SPRINGFIELD — The Illinois Senate has passed and sent to Gov. J.B. Pritzker a bill aimed at resolving a conflict in eastern Illinois over which unit of local government has authority to control zoning for wind farms.
House Bill 2298 provides that only a county may enact zoning regulations for wind farms in the rural parts of a county, outside the zoning jurisdiction of incorporated cities, even in counties that don’t have countywide zoning regulations.
The bill is aimed at Douglas County, where a Houston-based company, EDP Renewables North America LLC, plans build a 200-megawatt wind farm, known as the Harvest Ridge Wind Farm.
Douglas County is one of the few counties in Illinois that does not have a general countywide zoning system, but does have specific regulations for wind farms.
In response to EDP’s plans, however, two of the townships within Douglas County – Newman and Murdock – enacted their own, stricter zoning regulations that EDP has argued would effectively preclude their development.
“The townships enacted their zoning ordinances as an attempt to prevent the construction of the Harvest Ridge Wind Farm,” a spokesperson for EDP said in an email statement.
EDP filed suit against both of the townships, arguing that the county’s rules should supersede those of the townships, while the townships have argued they have the right to enact their own codes.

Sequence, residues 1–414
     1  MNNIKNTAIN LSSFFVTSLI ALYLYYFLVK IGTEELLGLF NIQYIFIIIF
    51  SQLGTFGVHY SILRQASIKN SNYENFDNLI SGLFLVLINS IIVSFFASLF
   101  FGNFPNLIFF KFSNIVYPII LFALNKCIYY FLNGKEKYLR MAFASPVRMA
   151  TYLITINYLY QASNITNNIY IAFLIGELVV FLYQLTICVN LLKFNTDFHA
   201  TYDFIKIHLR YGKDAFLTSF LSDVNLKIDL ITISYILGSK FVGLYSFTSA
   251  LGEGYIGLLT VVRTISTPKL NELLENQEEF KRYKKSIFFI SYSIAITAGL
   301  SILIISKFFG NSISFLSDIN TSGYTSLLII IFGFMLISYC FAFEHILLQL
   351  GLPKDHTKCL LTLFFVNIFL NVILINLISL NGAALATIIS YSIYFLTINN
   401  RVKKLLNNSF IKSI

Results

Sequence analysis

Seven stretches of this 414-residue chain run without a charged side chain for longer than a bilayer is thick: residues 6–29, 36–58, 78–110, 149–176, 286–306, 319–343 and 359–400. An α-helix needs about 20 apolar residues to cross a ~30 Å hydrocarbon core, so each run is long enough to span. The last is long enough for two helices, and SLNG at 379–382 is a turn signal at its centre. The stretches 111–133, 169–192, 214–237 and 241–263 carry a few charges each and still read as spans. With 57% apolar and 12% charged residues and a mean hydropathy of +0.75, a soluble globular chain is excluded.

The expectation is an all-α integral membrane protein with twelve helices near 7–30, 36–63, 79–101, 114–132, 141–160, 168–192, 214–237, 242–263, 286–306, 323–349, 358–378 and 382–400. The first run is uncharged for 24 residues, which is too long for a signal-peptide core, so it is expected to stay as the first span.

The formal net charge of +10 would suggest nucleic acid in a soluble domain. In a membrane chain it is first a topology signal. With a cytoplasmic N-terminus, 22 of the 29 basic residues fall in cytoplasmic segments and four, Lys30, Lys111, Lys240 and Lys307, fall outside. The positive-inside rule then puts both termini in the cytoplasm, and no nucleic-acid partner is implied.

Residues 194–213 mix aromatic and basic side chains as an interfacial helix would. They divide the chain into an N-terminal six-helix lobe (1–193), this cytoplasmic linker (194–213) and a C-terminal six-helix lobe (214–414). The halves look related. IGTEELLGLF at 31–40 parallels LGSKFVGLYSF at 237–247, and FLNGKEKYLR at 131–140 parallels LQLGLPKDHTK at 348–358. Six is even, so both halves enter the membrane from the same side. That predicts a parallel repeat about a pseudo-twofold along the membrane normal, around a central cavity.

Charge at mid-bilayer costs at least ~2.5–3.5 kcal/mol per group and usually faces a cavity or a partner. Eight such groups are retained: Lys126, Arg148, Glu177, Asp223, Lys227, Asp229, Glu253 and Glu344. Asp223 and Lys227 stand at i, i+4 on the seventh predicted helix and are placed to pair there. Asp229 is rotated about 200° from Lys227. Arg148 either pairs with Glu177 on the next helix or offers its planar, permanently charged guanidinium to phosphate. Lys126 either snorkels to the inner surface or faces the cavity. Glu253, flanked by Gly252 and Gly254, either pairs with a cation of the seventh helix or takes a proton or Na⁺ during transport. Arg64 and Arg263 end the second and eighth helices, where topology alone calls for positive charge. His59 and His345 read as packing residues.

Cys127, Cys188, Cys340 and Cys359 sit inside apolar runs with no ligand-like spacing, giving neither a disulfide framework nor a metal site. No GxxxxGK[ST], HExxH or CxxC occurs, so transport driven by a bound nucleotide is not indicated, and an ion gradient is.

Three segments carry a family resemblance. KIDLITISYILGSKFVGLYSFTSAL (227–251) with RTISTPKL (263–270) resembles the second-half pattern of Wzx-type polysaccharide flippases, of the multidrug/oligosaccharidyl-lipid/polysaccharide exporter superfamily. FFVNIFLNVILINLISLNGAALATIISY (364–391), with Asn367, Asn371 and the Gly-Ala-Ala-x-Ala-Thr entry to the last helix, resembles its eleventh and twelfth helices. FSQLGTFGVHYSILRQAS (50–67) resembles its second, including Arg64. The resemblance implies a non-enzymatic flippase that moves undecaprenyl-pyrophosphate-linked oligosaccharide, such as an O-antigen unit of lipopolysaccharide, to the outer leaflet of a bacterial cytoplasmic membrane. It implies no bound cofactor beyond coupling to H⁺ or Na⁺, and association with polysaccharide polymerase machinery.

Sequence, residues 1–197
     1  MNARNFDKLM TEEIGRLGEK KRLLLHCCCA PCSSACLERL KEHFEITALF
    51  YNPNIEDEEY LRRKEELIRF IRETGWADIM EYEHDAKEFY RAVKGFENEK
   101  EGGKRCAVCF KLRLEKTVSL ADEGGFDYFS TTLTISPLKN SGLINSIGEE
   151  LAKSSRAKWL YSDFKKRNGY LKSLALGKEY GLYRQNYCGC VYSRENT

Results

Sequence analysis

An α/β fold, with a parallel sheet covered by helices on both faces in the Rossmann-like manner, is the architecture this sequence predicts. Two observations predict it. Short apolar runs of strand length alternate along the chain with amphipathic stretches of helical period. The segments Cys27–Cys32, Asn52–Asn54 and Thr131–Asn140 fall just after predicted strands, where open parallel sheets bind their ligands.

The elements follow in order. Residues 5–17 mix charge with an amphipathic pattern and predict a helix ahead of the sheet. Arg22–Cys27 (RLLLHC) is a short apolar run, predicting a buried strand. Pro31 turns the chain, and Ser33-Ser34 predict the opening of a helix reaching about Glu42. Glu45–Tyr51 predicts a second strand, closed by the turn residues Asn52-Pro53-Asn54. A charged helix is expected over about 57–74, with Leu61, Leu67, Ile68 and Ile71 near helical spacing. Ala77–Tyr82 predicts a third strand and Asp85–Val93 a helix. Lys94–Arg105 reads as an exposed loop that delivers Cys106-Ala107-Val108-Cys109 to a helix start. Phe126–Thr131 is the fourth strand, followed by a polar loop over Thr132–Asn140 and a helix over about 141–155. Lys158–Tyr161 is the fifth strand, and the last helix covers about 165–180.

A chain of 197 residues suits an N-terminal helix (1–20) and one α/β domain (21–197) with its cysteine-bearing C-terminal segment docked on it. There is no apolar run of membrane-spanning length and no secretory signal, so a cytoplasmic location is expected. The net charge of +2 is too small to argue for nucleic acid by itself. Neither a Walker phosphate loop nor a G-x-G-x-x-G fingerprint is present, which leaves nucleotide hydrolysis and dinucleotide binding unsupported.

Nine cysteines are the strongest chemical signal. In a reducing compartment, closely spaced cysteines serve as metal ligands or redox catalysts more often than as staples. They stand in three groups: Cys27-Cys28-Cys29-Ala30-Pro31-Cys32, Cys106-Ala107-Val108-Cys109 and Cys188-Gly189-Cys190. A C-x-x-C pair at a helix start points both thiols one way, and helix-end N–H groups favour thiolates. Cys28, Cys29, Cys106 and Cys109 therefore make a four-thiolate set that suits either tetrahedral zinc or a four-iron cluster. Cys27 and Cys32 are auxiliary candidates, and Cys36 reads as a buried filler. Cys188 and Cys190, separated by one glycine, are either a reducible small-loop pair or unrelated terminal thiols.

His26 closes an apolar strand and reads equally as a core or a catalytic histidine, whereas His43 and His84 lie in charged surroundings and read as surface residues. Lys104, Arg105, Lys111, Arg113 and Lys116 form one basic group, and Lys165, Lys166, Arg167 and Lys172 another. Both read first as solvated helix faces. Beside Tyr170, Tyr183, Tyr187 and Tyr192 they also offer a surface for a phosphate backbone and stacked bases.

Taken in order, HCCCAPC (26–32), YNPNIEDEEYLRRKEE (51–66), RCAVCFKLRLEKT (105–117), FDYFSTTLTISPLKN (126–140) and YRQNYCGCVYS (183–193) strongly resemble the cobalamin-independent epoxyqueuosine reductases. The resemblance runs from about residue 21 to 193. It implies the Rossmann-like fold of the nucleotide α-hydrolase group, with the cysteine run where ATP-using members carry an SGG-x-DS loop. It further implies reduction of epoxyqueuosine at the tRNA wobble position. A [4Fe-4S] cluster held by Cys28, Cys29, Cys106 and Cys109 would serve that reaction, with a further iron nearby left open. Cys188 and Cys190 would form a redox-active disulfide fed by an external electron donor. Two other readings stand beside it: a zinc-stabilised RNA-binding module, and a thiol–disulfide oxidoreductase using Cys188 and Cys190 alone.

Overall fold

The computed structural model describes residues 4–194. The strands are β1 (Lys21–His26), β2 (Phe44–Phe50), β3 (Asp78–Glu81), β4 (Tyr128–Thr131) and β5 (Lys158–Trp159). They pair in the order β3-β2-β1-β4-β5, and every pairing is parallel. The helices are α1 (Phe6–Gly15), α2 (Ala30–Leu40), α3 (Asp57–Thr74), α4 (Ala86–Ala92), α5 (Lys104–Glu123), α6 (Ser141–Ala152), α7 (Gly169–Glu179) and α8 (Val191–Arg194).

House Bill 2988 would put that dispute to rest by providing that only county governments can enact zoning regulations for wind farms in unincorporated parts of a county. It would take effect immediately upon being signed into law.
Local officials lobbied against the bill, arguing that it would strip them of local control, but that argument largely fell on deaf ears.
The bill passed the House on March 27 by a vote of 95-to-12. It passed the Senate on Wednesday, April 3, by a vote of 43-to-7, sending it to Gov. Pritzker.
“We are thrilled that the Illinois Legislature has taken steps to clear up any confusion about which units of local government can enact wind energy zoning restrictions,” EDP executive vice president Ryan Brown stated in a news release.
In a separate email, the company said the wind farm, “has been and continues to be developed in accordance with existing Douglas County regulations.”